If you made after-tax contributions to your super instead (also called personal contributions or voluntary contributions), you wouldn't pay any more tax unless you claim a tax deduction for it. If you do claim a tax deduction, you would pay both your normal tax rate on your salary and the 15% super tax as well.

You can contribute up to $27,500/year to your super, including salary sacrificed contributions. Above the limit, you'll pay your marginal tax rate on the extra contributions. Find out more about contribution caps.

For the limits on how much you can salary sacrifice outside super, such as fringe benefits tax (FBT) items, see your salary packaging company's website (e.g. Advantage, RemServ, SmartSalary).

Salary sacrificing to super and salary packaging super are the same thing. So you can ask your payroll office or salary package provider how to set up either salary sacrifice or salary packaging to your super, and they'll know what you mean.

If you work for Queensland Health, you can definitely salary sacrifice to your super. You can either choose to salary sacrifice an extra amount of your choice to your super, or you could change your standard contributions from after-tax to before-tax (salary sacrifice) contributions. You can arrange this with your payroll office or salary package provider.

If you work for the Queensland Government, you're probably already contributing 2%-5% into your super as standard contributions. Standard contributions are normally made after-tax, but you can choose to salary sacrifice them instead if you want to. You can arrange this with your payroll office or salary package provider.

If you have a Defined Benefit account, salary sacrifice works differently, so read the Defined Benefit Account Guide (pdf) before making a decision.

Find out more ways you can grow your super, such as after-tax personal/voluntary contributions.

Next steps

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Use the QSuper Salary Sacrifice Calculator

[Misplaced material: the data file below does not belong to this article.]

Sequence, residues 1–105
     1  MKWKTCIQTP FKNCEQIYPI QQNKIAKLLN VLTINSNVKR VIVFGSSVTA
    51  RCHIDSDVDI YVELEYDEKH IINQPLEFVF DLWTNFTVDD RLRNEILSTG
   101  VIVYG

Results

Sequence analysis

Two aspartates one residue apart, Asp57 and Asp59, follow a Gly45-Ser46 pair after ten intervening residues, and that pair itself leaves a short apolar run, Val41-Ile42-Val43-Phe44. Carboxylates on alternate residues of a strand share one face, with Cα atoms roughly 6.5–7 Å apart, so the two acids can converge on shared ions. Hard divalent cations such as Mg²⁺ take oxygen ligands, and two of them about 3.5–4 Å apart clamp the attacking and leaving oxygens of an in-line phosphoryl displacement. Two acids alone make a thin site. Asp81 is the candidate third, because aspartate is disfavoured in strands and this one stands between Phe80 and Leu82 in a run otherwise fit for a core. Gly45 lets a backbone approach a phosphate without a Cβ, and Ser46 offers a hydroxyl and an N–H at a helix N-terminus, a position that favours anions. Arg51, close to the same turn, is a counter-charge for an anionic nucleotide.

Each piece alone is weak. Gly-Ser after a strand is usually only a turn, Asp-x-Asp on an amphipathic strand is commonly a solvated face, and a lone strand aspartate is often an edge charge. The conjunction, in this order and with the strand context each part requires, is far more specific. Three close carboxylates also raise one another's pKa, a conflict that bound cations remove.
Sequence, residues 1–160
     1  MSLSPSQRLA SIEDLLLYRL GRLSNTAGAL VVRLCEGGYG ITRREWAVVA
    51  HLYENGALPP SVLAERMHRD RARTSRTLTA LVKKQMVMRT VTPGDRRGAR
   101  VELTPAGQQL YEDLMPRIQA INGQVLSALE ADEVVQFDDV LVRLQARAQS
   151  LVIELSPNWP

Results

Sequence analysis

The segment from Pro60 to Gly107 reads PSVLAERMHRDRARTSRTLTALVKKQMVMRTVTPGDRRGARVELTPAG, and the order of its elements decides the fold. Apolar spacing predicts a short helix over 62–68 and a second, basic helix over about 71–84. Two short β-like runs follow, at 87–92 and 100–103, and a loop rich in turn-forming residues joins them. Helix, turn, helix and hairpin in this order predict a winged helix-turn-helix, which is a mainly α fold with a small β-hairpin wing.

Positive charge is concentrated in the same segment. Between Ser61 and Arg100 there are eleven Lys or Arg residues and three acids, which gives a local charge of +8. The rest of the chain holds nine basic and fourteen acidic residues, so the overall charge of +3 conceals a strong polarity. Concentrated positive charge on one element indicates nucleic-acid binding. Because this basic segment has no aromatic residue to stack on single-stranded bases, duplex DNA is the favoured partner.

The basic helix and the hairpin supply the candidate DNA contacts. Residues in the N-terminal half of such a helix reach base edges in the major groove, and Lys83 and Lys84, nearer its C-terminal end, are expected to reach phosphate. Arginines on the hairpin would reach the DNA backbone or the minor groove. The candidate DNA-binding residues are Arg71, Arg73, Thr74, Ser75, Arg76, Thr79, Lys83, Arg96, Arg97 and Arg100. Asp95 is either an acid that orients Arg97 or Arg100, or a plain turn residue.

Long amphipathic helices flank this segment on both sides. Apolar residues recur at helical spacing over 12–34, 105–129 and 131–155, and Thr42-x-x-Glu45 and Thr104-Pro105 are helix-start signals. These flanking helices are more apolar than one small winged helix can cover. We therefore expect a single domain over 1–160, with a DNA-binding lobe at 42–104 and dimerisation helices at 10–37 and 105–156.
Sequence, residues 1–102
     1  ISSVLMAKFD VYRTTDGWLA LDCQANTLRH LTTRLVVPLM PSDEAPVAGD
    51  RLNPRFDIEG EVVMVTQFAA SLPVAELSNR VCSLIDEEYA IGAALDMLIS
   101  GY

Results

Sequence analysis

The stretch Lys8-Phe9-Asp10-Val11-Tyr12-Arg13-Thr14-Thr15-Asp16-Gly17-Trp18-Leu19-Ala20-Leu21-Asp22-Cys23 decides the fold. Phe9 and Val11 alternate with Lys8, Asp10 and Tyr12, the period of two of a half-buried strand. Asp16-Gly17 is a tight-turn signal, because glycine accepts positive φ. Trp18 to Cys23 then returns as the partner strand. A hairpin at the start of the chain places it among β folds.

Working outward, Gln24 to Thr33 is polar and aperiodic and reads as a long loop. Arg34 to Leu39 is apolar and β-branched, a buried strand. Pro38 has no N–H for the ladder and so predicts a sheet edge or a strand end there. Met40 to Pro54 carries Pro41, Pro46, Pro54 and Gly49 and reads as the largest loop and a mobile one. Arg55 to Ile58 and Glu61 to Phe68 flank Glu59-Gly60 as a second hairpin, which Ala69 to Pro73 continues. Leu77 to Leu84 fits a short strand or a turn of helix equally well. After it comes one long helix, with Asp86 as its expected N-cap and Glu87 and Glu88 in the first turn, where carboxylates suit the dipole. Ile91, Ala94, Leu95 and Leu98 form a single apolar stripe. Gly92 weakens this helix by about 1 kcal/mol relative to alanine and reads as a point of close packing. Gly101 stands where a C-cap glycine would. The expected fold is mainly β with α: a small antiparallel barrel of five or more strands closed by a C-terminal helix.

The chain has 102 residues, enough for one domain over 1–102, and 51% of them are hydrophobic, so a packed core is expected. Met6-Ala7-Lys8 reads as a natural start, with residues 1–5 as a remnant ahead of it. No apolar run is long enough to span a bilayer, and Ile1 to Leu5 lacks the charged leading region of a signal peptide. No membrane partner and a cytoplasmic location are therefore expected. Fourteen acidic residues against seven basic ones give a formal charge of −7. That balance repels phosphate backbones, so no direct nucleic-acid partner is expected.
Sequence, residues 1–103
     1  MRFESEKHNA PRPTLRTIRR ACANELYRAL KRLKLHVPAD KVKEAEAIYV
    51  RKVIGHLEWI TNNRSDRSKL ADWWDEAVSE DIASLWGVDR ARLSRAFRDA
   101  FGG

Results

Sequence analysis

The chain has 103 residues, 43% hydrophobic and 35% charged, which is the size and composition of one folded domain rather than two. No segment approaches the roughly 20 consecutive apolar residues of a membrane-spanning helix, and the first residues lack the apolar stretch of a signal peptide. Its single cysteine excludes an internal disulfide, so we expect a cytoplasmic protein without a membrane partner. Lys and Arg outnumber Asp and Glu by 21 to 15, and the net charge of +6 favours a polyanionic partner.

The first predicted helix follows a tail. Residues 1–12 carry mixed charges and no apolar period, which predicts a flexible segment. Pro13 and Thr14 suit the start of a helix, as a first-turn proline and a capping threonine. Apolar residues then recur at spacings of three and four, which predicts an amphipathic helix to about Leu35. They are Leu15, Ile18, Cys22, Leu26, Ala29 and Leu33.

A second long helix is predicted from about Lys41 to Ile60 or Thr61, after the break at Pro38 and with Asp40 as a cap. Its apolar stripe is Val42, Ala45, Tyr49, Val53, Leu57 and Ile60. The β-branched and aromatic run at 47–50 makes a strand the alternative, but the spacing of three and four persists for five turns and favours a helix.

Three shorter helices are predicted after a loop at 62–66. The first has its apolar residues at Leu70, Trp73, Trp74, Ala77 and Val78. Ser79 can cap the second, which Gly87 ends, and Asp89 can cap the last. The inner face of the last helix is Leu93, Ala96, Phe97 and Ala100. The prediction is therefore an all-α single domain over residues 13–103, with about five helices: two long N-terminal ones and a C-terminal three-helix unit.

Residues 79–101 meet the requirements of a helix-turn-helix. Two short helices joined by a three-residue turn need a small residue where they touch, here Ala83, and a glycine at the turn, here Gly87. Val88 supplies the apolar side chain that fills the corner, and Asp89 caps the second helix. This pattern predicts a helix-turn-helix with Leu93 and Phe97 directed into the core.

Try our salary sacrifice calculator to find how much you could benefit and how much you could salary sacrifice.

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Get advice about salary sacrificing

If you're a member, get financial advice over the phone to help decide what type of contributions are right for you. Not yet a member?

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1. This case study is provided for illustrative and educational purposes only, and the members shown are not real. Additionally, figures may be rounded for ease of understanding. Members should seek advice from a qualified licensed professional, regarding their own circumstances. These figures were calculated using the MoneySmart super contributions optimiser calculator and the MoneySmart compound interest calculator (as at 8 March 2022). The calculation assumes the interest compounds monthly and that earnings are reinvested and fully credited at the end of each month. The calculator's estimate of the future value of savings could vary significantly over time if any change is made to these assumptions. The interest rate assumed for the compound interest calculator is 5% p.a. and is net of fees and taxes. The information should not be used as a guide to future performance of any investment. Investment returns can be positive or negative and this does not guarantee a future outcome. The total saved does not take inflation into account. Check with your chosen savings product provider in regard to actual interest calculations. These figures are provided only to demonstrate the principle of compounding. They are not intended to represent projected returns in a QSuper Accumulation account. This case study is for illustrative purposes only to show how salary sacrificing works, and does not take into account your personal tax liability. The calculation is based on tax rates for the 2021-22 financial year and it is assumed for the purpose of the case study that all terms and conditions have been met.